Caffeine disrupts your body’s natural processes. As a result, your brain fights back against the overstimulation by producing even more adenosine. So, you feel sleepy and tired directly after chugging that can of go-juice. Too much caffeine can lead to nervousness, anxiety, and even insomnia. As per the guidelines given by the FDA for healthy adults, 400 milligrams a day of caffeine is not associated with any negative health effects.

How much caffeine do energy drinks contain?

Frequent consumption of caffeinated drinks causes changes to your baseline energy. As your body produces more adenosine, you feel lethargic when you’re not caffeinated. Here’s a list of a few popular energy drinks and the caffeine content in them. Since this caffeine content is not mentioned in the ingredients, it was obtained from the manufacturer's website.

Red Bull

8.4 oz (250 ml)

80 mg

AMP

16 oz (473 ml)

142 mg

Monster

16 oz (473 ml)

160 mg

Rock star

16 oz (473 ml)

160 mg

NOS

16 oz (473 ml)

160 mg

Full Throttle

16 oz (473 ml)

160 mg

5-Hour Energy

1.93 oz (57 ml)

200 mg

2) Sugar

Sugar comes in many different forms (sucrose, fructose, glucose, etc.), so if you don’t see 'sugar' on the label, check for its other names.
An 8 oz. can contain about 21 g to 34 g of sugar. Each energy drink you consume contains about 29 grams of sugar, which equals about 7 teaspoons of sugar in every single can.

There is a spike in blood glucose levels which hypocretin or orexin, a neurotransmitter in the brain responsible for keeping us energized and awake. Orexin is a wakefulness-controlling neurotransmitter in the brain. So high sugar content in energy drinks suppresses orexin, which further makes you drowsy and tired. This makes you feel exhausted even after consuming an energy beverage. But that’s not all—low orexin could also lead to obesity and other negative outcomes. The famous Monster energy drinks contain a whopping 59 grams of sugar (13.5 teaspoons of sugar).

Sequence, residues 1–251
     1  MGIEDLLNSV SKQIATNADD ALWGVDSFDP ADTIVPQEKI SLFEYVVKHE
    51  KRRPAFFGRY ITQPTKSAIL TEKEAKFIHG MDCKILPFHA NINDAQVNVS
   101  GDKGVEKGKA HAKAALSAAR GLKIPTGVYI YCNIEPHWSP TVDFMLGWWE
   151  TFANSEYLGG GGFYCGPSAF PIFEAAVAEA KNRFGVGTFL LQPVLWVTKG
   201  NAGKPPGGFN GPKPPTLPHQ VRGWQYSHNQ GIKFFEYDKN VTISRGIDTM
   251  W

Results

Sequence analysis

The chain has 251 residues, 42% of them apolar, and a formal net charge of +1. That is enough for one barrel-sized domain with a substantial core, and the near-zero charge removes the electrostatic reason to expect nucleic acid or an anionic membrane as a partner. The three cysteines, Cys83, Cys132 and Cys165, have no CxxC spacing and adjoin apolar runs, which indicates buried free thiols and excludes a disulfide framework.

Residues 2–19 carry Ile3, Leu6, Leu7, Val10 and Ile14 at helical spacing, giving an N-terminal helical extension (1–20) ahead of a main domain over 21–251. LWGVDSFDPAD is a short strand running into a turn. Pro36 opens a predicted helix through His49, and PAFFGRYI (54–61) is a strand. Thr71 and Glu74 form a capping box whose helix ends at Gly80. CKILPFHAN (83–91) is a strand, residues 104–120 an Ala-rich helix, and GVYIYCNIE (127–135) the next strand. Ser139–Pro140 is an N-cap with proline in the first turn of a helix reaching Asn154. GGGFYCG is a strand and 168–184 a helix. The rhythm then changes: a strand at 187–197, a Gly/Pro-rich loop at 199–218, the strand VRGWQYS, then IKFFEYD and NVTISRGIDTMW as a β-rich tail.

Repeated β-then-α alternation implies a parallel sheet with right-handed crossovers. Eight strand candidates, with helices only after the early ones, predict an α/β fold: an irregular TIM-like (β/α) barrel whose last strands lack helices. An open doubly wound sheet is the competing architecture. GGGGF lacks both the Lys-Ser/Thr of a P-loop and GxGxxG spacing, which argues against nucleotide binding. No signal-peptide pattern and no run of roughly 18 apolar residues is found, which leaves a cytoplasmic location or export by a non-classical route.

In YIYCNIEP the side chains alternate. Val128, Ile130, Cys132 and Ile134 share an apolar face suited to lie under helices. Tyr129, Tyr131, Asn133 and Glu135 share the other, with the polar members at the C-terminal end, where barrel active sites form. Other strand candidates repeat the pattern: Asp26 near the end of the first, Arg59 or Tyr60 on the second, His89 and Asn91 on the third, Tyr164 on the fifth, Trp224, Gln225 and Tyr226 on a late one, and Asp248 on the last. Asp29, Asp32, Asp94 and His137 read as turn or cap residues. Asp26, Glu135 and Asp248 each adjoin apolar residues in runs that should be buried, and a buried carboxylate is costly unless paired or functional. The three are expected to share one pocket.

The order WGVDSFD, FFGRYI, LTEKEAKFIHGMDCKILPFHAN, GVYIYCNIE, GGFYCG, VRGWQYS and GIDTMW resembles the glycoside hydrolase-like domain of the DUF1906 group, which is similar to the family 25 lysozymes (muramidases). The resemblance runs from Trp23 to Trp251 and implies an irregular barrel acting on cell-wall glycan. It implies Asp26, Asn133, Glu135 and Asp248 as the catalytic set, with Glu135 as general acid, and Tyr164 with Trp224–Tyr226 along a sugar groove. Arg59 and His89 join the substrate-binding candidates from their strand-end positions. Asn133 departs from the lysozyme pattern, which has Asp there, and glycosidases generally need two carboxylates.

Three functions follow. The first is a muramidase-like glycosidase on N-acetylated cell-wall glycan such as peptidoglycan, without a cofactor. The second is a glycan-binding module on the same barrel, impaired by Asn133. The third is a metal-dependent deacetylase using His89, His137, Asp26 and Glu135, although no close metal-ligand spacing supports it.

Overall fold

3) Guarana

The seeds of the guarana plant contain more caffeine than any other plant. Thus, people who consume energy drinks that contain guarana and caffeine from other sources may be getting more total caffeine than they think. As there is no research conducted on the caffeine content in guarana plants, on how much to be consumed which can cause any serious side effects on health.

4) Ginseng

Ginseng is an herbal supplement that researchers believe may help increase energy and improves memory. Yet, experts also report that ginseng can be associated with insomnia. There are two main types of ginseng: Asian or Korean ginseng (Panax ginseng) and American ginseng (Panax quinquefolius). Panax ginseng has been linked to pretty significant side effects, including abdominal pain and headaches.

5) B Vitamins

As B vitamins are important for metabolism, many energy drinks contain high levels of B vitamins, particularly B6 and B12. The dosage of B12, B6 is several thousand times higher than the Required Daily Allowance (RDA) and almost 100 percent for folic acid. These vitamins are involved in the production of energy from carbohydrates, fats, and proteins and can help to improve energy levels. This is misleading people that B vitamins help to energize them, but in actual case, it won’t.

6) Taurine